Agreed. It was hard to get used to at first. But I really appreciate that my kids are not expected to be completely silent at the library.  In the kids area, even, noise is expected. You can read to your child, discuss the books they are thinking about checking out, etc. and no one is bothered. It is the children's area.  The adult area is quieter plus they have a Study area that is separated by glass walls and a door from the rest of the library.  There are many activities held in the community rooms at this library.  They seem to really be trying to become a community center.

 

Another library we go to has play things on the first floor so my younger child plays while my older child researches, allowing us to stay at the library longer.  The second floor has signs saying to keep your kids quiet up there as it is a study zone -- but all the kid books, DVDs, activities, etc are on the first floor so you don't need to go up there for very long.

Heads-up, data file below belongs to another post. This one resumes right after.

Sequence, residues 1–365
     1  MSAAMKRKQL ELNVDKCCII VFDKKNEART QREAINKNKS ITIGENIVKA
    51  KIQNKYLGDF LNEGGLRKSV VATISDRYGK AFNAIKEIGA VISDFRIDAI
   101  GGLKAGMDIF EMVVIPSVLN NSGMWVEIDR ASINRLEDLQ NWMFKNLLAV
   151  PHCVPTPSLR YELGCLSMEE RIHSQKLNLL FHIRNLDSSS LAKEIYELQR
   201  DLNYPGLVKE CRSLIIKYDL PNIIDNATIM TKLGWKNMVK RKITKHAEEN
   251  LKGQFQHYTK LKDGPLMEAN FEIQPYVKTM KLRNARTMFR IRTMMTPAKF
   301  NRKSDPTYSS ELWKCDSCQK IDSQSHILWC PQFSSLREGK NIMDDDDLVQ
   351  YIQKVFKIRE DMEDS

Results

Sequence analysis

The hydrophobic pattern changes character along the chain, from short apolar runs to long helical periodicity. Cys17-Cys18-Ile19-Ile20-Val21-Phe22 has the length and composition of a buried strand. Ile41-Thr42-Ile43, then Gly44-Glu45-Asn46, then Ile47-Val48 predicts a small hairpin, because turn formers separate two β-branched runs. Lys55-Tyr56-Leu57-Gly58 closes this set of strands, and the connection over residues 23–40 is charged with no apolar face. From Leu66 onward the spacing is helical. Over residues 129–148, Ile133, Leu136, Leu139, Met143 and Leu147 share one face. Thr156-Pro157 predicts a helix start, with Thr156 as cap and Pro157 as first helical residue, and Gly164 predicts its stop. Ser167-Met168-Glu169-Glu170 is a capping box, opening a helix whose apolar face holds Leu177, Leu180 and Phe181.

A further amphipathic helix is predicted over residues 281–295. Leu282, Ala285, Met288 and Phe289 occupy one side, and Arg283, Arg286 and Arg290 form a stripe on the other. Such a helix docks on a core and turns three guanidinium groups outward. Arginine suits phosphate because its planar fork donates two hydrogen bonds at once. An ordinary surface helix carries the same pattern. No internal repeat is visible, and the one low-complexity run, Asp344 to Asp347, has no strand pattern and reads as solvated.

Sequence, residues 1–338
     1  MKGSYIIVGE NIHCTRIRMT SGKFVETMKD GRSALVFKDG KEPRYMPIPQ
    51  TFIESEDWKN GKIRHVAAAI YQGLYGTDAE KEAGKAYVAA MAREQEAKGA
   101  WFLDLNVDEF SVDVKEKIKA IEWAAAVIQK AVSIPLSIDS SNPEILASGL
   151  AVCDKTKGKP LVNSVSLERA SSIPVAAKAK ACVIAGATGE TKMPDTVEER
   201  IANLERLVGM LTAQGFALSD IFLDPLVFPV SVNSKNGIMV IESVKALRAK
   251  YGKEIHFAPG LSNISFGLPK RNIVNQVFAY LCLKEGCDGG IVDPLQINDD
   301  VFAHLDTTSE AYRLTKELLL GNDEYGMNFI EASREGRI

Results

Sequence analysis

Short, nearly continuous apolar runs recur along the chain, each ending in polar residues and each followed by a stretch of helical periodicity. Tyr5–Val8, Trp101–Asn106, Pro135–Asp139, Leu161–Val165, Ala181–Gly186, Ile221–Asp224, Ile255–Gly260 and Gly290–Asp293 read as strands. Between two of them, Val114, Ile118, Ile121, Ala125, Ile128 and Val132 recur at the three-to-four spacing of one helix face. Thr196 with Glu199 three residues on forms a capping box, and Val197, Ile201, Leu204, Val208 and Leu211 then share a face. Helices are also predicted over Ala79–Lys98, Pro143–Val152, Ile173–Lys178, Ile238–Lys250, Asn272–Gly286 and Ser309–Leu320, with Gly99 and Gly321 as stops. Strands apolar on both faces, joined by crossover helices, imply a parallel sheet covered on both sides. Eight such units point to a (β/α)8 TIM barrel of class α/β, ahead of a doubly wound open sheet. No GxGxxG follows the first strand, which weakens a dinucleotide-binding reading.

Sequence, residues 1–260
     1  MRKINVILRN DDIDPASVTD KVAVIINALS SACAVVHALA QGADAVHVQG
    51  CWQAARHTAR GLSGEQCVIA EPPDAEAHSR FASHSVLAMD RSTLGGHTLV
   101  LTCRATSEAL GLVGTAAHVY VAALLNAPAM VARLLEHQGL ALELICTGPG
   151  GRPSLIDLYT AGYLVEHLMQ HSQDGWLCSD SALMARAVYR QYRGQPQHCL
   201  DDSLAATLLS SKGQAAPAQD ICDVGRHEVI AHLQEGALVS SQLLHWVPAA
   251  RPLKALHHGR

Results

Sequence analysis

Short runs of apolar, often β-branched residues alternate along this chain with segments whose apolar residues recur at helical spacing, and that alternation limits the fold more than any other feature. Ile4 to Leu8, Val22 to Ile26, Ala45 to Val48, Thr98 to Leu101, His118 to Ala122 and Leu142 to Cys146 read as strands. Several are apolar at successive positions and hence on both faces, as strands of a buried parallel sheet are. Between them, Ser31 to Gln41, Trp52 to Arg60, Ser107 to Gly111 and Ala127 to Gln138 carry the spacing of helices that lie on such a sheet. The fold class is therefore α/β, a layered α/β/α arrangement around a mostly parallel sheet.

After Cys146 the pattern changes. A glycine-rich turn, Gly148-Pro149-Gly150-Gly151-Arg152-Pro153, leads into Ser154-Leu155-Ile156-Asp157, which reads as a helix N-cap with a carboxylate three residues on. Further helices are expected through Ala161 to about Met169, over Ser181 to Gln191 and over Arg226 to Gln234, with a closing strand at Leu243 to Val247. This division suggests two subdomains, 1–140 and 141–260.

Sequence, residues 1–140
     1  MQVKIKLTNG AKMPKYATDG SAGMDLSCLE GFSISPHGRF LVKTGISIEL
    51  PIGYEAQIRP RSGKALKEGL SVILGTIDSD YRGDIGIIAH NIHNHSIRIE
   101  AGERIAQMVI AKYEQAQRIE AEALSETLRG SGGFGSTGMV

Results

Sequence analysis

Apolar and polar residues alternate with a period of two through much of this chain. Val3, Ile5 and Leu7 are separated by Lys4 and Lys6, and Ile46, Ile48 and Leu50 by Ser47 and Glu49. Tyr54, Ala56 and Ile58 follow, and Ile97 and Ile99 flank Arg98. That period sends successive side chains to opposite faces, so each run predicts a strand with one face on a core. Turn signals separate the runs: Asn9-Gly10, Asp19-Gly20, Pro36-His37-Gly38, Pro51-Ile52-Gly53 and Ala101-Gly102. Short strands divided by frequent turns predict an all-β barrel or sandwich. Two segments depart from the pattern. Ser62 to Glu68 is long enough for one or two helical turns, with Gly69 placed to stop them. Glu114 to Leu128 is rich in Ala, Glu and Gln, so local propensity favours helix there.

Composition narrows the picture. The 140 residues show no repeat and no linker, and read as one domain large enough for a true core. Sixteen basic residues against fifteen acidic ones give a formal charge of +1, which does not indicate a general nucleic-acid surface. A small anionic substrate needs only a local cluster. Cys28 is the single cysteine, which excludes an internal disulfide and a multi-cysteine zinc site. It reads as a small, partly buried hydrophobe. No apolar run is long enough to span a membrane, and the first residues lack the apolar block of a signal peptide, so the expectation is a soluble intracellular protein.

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I've noticed the playground atmosphere, too. But I've noticed something else, too. A LOT of kids meet tutors there after school hours, so there can be a dozen tables of student and tutor conducting sessions in normal speaking voices (rather than keeping their voices low). It's like being in a coffee shop without the benefit of actual coffee being available!

 

I don't begrudge their use of the space, but yeah, it's a different atmosphere. I've been thinking about using the local university library instead when I need true quiet. I do think the public libraries are trying to incorporate more private study spaces as they remodel, but that's a slow process.